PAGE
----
Sunday, January 04, 2015

Grayscale Hat

Still jetlagging a bit from the trip home. I didn't have anything on the needles for the second half of our journey after finishing the cowl for my sister-in-law, but that was okay. We were so busy. But on the flight home I got fidgety. I felt stupid carrying knitting needles on a plane without any actual project on them
So when I got home, I got to digging through some odds and ends of yarn. I remembered that I had some leftover Shelter from the sweater I made for my brother last year (proudly, I can say that he wore it while I was there!) and figured I had enough to make a hat.
I found this four-stitch colorwork motif that I liked in Ravelry and figured I could adapt it. I've seen something similar in vintage ski sweater patterns from the 60s. I added an extra color change from the second color back to the original and had just enough. I'll put details in the notes at Ravelry later, but here are the basics:
I cast on 100 stitches. Originally, I tried 112, but that turned out too big -- you were right, Staci! She helped me unwind the colorwork I'd knit up so far. Which I think is the knitting equivalent of the sorority girl holding her sisters's hair back while she yaks. Or something like that. In any case, I appreciated the help.

I did eight rounds of 2x2 ribbing on size 6 needles, then switched to size 7 and knit two more rounds. Then I did the colorwork section, knitted two rounds plain, and then started the decreases. According to this neat hat decrease calculator I found, I needed 102 stitches to get six even sections of 17 stitches each, so I increased two stitches randomly just before decreasing. That kind of bugged me, but I'm trying to let that go.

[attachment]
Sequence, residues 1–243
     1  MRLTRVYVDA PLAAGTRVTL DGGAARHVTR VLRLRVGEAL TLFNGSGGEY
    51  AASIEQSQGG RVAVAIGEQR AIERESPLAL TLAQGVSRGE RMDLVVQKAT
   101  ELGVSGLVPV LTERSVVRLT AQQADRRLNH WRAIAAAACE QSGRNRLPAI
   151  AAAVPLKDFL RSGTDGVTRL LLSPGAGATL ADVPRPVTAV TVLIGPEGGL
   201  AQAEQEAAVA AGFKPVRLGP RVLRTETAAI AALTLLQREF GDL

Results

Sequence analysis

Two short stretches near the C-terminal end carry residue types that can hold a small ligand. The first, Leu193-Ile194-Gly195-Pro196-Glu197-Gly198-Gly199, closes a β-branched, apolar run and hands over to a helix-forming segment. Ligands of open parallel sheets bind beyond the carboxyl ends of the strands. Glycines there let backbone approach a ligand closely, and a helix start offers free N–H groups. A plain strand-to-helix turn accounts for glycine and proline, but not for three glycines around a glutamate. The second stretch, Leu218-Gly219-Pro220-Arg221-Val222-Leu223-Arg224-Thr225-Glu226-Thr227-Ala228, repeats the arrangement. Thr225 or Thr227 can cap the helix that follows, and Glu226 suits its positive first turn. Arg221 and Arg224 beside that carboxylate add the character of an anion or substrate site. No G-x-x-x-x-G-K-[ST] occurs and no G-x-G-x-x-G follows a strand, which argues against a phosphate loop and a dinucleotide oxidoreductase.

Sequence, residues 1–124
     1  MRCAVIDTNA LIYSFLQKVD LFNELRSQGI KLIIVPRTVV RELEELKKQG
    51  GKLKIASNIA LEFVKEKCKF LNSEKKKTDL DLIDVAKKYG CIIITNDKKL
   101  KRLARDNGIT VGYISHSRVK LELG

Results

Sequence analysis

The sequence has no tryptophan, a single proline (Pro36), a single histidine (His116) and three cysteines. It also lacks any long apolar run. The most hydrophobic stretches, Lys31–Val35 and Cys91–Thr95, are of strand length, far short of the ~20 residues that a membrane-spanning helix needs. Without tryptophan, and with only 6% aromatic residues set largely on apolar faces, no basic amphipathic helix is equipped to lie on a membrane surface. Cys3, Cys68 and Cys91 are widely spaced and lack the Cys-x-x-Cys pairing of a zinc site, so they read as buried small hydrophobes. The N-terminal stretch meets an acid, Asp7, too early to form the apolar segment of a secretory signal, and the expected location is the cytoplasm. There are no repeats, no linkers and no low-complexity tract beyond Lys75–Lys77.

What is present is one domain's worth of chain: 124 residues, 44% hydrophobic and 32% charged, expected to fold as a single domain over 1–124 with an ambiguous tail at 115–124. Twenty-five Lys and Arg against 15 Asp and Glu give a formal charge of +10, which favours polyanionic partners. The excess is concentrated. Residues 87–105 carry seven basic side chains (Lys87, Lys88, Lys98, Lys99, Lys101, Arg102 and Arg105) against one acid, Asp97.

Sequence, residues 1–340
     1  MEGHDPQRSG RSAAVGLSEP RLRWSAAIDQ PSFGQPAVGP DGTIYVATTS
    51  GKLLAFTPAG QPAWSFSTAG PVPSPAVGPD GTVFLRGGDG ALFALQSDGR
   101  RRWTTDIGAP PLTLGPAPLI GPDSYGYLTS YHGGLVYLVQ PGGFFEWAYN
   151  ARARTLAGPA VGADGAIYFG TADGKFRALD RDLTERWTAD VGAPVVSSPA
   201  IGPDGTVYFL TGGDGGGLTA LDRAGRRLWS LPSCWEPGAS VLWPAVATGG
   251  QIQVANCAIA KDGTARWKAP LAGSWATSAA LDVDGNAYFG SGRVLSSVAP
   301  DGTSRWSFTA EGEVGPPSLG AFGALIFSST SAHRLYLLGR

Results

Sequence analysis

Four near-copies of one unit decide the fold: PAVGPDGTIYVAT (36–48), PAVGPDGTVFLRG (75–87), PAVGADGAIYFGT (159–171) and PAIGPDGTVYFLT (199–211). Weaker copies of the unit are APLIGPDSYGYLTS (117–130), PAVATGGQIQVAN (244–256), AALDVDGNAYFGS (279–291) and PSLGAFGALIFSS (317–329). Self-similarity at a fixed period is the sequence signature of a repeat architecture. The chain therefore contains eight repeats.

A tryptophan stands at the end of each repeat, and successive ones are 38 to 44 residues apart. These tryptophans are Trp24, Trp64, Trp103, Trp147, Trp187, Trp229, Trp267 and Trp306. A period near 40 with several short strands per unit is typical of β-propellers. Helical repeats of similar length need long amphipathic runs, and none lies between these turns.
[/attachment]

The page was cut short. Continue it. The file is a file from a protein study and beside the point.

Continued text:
The first time I tried the decreases, I neglected to note that I had to decrease on each side of the 6 markers. I only did it once. And despite my years of knitting experience, I didn't think it was weird that I had to draw the yarn through 54 stitches (!) to close the hat. But I sure thought it was weird when I had finished pulling the yarn all the way through. Plus the yarn snapped, which probably wouldn't surprise anyone who has worked with Shelter. It looked like the ribs on the top of a pumpkin. A quick instructional re-read set me straight, and I ripped it back and fixed it. Much better the second time around -- only 6 stitches to pull through! And it was perfect for the chilly dog walk this evening.
I like that I repurposed and re-used these scrap ends. I wonder what other little treasures might be lurking in bins, bags and boxes around here?


  1. Okay, I laughed out loud while imagining you drawing the yarn through 54 stitches. That must be a definitive sign of jet lag!! However, the final product is great!

  2. Super hat, that would have kept you warm in France and Germany!
    And I have some Shelter leftovers too... Tony

  3. Just goes to show that there's plenty still to learn, even on simple projects like a scrap hat. The result is great and I like that calculator. I tend to default to a crown decrease that swirls. I'll try this ribby one next time.

    I am drawn to the idea of only knitting from stash for a year but of course can never quite bring myself to do it. But it's nice to know that one could do it. (Well, maybe you couldn't... but I'll share when the zombie apocalypse comes!)